So what past crimes or sins or injustices is Isaiah referring to here?

Well, to understand that, we will have to go back even further in time. The history of Israel is a long history. Fortunately, we have it recorded in Scripture so that we can go back and examine just what was expected and what went wrong. But first, let’s finish the prophet’s joyful message to God’s people…)

9 Get yourself up on a high mountain,
O Zion, bearer of good news,
Lift up your voice mightily,
O Jerusalem, bearer of good news;
Lift it up, do not fear.
Say to the cities of Judah,
“Here is your God!”
10 Behold, the Lord God will come with might,
With His arm ruling for Him.
Behold, His reward is with Him
And His recompense before Him.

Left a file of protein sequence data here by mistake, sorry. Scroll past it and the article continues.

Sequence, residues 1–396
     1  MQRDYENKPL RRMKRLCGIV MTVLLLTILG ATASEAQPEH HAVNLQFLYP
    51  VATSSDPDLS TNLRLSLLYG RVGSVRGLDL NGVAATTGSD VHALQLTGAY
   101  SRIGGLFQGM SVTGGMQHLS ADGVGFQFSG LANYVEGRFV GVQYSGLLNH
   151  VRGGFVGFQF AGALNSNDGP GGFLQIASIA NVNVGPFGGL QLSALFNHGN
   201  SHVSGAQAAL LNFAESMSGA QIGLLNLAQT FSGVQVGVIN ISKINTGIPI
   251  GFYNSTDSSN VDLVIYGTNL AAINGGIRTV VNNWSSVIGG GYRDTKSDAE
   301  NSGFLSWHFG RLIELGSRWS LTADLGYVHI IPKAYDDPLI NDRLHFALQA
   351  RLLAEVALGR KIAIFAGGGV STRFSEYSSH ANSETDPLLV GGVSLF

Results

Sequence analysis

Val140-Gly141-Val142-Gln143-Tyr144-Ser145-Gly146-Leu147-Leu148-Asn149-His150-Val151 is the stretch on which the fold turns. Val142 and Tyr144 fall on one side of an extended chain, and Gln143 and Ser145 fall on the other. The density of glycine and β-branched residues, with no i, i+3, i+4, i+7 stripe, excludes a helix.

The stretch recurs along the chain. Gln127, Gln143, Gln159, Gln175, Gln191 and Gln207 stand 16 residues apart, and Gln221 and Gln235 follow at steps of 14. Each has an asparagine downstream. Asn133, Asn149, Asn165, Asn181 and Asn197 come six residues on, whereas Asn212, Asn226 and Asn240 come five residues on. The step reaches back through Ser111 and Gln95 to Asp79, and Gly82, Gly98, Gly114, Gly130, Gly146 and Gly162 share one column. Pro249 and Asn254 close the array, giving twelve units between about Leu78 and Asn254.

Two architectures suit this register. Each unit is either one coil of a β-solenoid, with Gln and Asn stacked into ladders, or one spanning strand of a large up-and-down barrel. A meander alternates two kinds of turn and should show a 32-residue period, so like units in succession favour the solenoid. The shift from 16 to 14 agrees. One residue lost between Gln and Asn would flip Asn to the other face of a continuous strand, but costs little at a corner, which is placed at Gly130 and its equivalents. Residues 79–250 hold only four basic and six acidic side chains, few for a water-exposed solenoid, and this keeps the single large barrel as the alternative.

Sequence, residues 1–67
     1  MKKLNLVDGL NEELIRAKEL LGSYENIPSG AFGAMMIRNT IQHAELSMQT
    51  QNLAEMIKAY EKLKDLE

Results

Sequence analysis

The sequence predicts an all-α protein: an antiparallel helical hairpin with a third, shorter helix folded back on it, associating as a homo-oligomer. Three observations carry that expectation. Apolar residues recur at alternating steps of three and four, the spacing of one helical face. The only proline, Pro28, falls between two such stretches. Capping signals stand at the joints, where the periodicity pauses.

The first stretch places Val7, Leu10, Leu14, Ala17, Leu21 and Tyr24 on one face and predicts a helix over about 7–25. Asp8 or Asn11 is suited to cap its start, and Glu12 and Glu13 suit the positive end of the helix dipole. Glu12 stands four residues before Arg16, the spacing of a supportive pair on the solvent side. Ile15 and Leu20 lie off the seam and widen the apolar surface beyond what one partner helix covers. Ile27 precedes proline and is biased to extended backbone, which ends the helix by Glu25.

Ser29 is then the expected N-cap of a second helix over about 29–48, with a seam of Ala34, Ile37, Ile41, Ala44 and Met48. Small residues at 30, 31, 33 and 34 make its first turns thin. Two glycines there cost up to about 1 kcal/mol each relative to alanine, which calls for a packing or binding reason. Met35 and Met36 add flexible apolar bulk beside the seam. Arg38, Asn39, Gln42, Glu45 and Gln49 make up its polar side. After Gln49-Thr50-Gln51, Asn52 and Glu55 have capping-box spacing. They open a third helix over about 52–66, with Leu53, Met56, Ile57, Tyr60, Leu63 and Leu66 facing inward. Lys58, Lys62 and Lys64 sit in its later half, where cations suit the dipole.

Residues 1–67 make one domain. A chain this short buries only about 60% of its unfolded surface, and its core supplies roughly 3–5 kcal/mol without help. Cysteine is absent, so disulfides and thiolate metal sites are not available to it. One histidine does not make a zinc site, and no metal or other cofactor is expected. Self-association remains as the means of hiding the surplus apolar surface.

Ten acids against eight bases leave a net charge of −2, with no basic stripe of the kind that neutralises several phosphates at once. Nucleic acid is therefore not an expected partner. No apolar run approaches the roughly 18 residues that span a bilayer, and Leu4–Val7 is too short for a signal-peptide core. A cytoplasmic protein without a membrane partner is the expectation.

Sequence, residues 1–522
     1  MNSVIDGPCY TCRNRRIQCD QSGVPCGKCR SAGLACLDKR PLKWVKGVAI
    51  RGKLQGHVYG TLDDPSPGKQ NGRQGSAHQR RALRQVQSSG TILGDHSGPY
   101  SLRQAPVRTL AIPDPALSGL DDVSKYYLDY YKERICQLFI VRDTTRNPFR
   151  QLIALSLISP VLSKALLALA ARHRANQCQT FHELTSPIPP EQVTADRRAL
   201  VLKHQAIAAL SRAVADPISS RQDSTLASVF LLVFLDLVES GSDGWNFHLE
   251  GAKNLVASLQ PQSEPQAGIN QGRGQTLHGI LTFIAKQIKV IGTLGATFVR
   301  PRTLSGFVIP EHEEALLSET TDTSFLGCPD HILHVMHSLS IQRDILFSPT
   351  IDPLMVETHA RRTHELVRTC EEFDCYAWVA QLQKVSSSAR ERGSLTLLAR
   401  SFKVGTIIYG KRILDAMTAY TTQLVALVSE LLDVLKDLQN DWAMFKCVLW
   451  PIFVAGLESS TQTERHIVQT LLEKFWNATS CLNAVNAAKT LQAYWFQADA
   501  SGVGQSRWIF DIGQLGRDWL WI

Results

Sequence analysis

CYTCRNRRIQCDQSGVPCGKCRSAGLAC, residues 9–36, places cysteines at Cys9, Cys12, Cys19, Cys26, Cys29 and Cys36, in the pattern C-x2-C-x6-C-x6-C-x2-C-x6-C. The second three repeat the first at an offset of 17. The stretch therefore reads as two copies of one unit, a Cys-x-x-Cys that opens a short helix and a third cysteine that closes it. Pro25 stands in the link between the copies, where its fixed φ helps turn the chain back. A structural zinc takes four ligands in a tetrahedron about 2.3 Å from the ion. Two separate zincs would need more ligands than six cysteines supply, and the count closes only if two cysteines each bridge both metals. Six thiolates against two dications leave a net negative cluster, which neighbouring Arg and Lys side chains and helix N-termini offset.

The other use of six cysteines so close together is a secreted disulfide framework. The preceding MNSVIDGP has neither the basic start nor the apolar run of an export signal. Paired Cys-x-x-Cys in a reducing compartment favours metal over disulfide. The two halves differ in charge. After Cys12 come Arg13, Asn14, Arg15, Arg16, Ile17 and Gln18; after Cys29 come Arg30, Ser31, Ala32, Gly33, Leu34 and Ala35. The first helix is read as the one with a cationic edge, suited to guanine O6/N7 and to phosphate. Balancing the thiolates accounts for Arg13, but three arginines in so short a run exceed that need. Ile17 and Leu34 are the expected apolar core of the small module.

11 Like a shepherd He will tend His flock,
In His arm He will gather the lambs
And carry them in His bosom;
He will gently lead the nursing ewes.

Thus like a shepherd, which lovingly cares for his flock, God will care for his people AGAIN. But what had God’s people done that was so wrong in the first place or why had this Spiritual timeout…or receiving double for all her sins…taken place in the first place?

To answer that question, we must go back further in time to begin with…

Next time…Why, as the prophet Isaiah declares 700 years before Zacharias’ prophecy and Yah-Saves and John’s births were God’s people needing to be comforted by the fact that the time for God’s people paying double for all her sins was now over? What had God’s people done that was so bad to pay double for all her sins? And why had it taken over seven hundred years before this ancient prophecy was even being referenced and referenced to John the Baptist?

Your servant,